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PREGNANCY OUTCOMES IN ALEMTUZUMAB-TREATED PATIENTS WITH RRMS
  1. David Rog1,
  2. Christina Chambers2,
  3. Pamela McCombe3,
  4. Susana Otero4,
  5. Kerstin Hellwig5,
  6. David Margolin6,
  7. Karthinathan Thangavelu6,
  8. Jiwon Oh7,
  9. on behalf of the CAMMS223 CARE-MS I and CARE-MS II Investigators1
  1. 1 Salford Royal NHS Foundation Trust, Salford, UK
  2. 2 University of California San Diego, La Jolla, CA, USA
  3. 3 The University of Queensland, Brisbane, Australia
  4. 4 Multiple Sclerosis Center of Catalonia, Barcelona, Spain
  5. 5 St Josef Hospital, Ruhr University Bochum, Germany
  6. 6 Sanofi Genzyme,Cambridge, MA, USA
  7. 7 St. Michael's Hospital, University of Toronto, Toronto, Ontario, CA

Abstract

Here we provide updated pregnancy outcomes in alemtuzumab-treated female patients in phase 2 (CAMMS223 [NCT00050778]) and phase 3 (CARE-MS I [NCT00530348], CARE-MS II [NCT00548405]) studies. Patients received annual treatment courses of alemtuzumab and could enter an extension study (NCT00930553), with as-needed alemtuzumab retreatment (≥1 year apart). Pregnant/lactating patients were treatment-ineligible but remained on study for safety follow-up. As of July 1, 2015, 193 pregnancies occurred in 136 of 972 alemtuzumab-treated female patients; 167 were completed, 16 were ongoing, and 10 had unknown outcomes. Of completed pregnancies, 110 (66%) were live births with no congenital abnormalities or birth defects among 94 patients (at conception: mean age, 31.5 years; mean EDSS, 1.7; mean time since initial MS relapse, 6.6 years; mean time since last MS relapse, 3.5 years; mean time from previous alemtuzumab infusion, 27.9 months). There were 37 (22%) spontaneous abortions, 19 (11%) elective abortions, and 1 (0.6%) previously reported stillbirth. In alemtuzumab MS clinical studies, the most common pregnancy outcome was full-term live birth, with no evidence of teratogenicity to date. The rate of spontaneous abortion with alemtuzumab was comparable with rates observed in other MS patients and general populations. Ongoing surveillance is needed.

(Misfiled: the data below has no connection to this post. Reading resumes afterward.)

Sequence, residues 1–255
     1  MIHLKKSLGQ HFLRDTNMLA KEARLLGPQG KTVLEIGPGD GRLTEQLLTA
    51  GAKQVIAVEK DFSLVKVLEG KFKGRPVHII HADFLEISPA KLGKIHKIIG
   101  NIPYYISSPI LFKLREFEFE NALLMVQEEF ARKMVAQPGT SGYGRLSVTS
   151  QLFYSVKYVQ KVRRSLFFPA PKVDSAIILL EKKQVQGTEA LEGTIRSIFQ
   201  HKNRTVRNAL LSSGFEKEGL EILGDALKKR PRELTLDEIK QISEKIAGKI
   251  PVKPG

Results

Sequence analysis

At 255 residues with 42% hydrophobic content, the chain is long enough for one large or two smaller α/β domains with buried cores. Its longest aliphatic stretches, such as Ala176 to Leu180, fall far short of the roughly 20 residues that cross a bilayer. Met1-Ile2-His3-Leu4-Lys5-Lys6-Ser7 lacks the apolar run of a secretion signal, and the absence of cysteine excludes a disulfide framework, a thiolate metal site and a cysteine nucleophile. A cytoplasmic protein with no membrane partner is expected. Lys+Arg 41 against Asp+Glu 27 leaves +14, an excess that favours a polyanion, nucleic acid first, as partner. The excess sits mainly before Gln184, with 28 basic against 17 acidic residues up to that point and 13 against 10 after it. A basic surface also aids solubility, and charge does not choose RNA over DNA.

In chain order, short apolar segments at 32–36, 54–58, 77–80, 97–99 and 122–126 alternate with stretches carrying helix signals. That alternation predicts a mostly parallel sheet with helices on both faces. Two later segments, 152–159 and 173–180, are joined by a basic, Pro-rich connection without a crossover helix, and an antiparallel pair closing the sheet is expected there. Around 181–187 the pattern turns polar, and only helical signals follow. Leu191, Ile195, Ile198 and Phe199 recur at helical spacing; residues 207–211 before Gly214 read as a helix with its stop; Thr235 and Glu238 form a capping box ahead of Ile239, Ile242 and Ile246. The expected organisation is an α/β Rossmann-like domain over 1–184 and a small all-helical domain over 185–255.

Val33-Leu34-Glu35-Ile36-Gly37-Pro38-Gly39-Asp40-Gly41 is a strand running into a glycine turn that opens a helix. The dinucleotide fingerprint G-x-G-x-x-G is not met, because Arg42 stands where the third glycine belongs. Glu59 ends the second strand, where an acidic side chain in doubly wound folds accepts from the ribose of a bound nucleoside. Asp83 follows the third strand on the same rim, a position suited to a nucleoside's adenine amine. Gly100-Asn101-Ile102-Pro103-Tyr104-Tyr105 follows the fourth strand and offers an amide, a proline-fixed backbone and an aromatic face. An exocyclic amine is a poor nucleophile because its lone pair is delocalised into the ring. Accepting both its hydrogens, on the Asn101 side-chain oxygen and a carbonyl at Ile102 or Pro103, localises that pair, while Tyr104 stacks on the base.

Study supported by Sanofi Genzyme and Bayer Healthcare Pharmaceuticals.

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